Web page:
New Technologies and the Transformation of Work and Skills: A Study of Computerisation and Automation of Australian Container Terminals

15 Pages Posted: 14 Nov 2018

Date Written: November 2018

Abstract

The increasing adoption of smart computer and robotic technologies at work has, in addition to displacing workers, significantly disrupted the traditional organisation of work and the workforce skills required. Based on a qualitative social science study, this paper discusses the ways in which these changes have affected container terminals. Specifically, we examine the transformation in the nature and content of work and the types of skills required by the workforce for the enduring and emerging jobs. We conclude that a completely different port terminal worker has emerged with a different job role and skills profile. Unlike the traditional ‘wharfie’ the emerging terminal worker is well educated and highly skilled. Furthermore, as physical shop floor operations are computerised and automated, greater importance is placed on soft, generic and transferable skills, with increasing emphasis on computer skills to facilitate effective work within a highly mechanised and digitalised work environment.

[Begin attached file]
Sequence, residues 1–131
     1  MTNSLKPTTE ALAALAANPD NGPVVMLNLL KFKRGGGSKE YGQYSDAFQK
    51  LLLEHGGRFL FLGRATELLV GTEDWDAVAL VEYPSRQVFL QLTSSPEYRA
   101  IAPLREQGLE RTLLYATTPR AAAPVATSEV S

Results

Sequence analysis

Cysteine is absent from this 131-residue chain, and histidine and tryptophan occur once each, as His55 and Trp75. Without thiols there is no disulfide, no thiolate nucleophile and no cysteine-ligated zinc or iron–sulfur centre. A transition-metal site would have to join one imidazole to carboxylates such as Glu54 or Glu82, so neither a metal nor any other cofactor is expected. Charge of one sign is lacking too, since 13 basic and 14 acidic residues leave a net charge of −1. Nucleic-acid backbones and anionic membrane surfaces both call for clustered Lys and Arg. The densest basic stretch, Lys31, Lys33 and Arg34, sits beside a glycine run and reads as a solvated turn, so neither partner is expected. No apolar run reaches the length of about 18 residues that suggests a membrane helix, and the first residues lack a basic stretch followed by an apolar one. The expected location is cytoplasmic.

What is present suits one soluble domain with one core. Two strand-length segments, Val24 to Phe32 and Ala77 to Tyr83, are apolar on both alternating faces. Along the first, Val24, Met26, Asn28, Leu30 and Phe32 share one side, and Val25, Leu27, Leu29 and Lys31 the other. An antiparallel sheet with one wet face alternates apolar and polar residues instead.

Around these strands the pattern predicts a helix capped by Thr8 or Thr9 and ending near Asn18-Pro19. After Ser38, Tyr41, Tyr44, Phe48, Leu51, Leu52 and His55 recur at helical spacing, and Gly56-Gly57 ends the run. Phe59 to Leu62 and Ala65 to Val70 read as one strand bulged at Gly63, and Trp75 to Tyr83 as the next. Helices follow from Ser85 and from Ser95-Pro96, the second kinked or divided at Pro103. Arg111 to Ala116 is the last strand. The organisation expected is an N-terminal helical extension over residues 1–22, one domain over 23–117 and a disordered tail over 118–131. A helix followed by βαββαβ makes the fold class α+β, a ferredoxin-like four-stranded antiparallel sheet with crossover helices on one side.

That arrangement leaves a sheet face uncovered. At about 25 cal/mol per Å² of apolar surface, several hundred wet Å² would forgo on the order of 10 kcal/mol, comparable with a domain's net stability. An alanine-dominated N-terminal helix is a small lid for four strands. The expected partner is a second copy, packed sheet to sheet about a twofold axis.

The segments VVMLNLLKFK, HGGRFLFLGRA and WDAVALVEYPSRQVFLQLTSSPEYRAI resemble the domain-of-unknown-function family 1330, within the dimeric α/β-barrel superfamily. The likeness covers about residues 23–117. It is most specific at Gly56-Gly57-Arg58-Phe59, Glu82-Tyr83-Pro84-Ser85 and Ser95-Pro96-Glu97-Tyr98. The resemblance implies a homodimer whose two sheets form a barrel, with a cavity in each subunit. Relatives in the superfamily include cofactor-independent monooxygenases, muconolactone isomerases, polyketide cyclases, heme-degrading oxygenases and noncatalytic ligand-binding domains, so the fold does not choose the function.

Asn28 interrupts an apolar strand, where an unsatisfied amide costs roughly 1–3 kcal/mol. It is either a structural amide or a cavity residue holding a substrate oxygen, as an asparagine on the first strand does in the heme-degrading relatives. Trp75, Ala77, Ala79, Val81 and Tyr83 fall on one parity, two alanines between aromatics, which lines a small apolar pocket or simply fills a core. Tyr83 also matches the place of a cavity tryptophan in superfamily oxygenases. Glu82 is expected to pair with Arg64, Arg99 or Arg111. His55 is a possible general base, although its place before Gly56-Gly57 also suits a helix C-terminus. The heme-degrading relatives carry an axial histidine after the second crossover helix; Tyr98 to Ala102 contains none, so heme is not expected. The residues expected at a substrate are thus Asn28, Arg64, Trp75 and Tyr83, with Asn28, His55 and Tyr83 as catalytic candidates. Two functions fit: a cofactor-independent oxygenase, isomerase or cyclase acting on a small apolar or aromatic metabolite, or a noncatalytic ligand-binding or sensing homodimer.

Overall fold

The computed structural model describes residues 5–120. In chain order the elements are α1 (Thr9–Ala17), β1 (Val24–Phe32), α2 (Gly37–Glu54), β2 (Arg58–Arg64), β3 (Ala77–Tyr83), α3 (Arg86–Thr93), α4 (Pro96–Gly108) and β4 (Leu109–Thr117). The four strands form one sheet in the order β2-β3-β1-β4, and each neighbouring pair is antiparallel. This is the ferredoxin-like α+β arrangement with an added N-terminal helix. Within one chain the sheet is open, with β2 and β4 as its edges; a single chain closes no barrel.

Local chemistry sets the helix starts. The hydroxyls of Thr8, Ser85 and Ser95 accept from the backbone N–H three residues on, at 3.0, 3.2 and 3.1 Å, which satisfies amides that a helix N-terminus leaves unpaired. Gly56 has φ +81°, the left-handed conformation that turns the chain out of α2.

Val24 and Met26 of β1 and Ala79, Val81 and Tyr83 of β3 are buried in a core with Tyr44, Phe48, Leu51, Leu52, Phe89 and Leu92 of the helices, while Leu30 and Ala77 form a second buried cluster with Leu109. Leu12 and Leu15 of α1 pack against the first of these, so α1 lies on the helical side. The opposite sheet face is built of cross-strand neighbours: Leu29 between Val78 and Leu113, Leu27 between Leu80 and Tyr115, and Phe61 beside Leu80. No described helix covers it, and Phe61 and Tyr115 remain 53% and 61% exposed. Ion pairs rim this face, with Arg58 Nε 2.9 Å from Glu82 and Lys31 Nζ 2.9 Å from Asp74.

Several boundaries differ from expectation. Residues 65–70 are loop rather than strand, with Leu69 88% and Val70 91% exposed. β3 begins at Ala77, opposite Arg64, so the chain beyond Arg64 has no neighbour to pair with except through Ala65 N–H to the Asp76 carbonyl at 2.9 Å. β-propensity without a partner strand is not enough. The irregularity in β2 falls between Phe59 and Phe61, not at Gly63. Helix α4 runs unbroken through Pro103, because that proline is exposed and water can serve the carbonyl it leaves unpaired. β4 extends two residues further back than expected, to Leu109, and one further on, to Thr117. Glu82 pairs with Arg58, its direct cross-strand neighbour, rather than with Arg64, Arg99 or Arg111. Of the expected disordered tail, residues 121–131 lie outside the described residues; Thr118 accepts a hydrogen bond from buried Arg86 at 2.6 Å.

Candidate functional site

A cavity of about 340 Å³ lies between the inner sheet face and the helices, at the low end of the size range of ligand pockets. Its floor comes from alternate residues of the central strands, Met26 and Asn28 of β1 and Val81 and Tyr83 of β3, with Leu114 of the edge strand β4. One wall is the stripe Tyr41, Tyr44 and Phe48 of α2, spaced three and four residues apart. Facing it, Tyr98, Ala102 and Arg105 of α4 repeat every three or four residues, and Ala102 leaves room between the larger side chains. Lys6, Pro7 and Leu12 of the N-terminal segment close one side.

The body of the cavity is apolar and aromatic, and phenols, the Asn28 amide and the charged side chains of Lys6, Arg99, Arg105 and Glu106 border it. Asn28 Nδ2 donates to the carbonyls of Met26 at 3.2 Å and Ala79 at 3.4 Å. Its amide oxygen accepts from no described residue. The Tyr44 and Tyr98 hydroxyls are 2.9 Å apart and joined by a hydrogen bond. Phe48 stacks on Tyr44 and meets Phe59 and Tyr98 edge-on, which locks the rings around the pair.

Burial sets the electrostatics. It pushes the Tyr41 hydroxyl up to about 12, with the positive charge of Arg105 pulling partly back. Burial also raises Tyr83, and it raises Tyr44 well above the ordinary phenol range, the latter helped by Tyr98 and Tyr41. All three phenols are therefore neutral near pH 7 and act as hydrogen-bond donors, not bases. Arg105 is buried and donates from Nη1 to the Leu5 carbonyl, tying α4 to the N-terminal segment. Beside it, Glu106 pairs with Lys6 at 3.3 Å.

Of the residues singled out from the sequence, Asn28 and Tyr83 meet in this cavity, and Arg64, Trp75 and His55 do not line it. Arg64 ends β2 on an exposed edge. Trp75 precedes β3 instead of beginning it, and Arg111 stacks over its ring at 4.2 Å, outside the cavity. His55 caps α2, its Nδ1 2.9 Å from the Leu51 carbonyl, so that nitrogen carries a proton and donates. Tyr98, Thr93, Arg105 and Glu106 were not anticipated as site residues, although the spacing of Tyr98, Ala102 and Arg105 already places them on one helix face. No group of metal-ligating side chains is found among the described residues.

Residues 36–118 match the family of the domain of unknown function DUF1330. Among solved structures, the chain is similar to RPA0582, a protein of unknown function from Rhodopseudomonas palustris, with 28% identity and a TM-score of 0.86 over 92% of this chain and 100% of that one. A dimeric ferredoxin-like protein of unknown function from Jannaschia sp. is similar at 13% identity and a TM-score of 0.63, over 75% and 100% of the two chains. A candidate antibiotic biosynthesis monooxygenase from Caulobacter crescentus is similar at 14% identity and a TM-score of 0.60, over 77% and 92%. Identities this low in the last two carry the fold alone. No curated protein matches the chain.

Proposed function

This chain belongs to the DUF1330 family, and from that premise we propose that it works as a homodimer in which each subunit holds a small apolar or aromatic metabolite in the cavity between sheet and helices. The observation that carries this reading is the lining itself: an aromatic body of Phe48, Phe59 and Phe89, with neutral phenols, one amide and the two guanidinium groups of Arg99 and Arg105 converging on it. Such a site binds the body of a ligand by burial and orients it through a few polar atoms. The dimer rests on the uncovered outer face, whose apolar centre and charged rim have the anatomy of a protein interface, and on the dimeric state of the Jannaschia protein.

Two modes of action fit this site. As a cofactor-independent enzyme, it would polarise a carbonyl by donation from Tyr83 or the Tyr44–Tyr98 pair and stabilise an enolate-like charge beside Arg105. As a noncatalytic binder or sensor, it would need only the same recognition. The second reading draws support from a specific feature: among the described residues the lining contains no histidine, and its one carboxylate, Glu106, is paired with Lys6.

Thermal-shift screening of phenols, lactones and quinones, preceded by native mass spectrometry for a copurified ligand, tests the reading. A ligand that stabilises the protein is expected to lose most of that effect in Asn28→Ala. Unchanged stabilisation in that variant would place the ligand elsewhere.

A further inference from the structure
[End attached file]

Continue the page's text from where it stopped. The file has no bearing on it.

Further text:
Keywords: new technologies, future of work, container terminals, dockworkers, digital skills, computerisation and automation, transferable skills

Suggested Citation

Gekara, Victor Oyaro and Thanh Nguyen, Vi‐Xuan, New Technologies and the Transformation of Work and Skills: A Study of Computerisation and Automation of Australian Container Terminals (November 2018). New Technology, Work and Employment, Vol. 33, Issue 3, pp. 219-233, 2018. Available at SSRN: https://ssrn.com/abstract=3283246 or http://dx.doi.org/10.1111/ntwe.12118

Victor Oyaro Gekara (Contact Author)

RMIT University ( email )

124 La Trobe Street
Melbourne, 3000
Australia

Vi‐Xuan Thanh Nguyen

Quy Nhon University ( email )

Quy Nhon University
Vietnam

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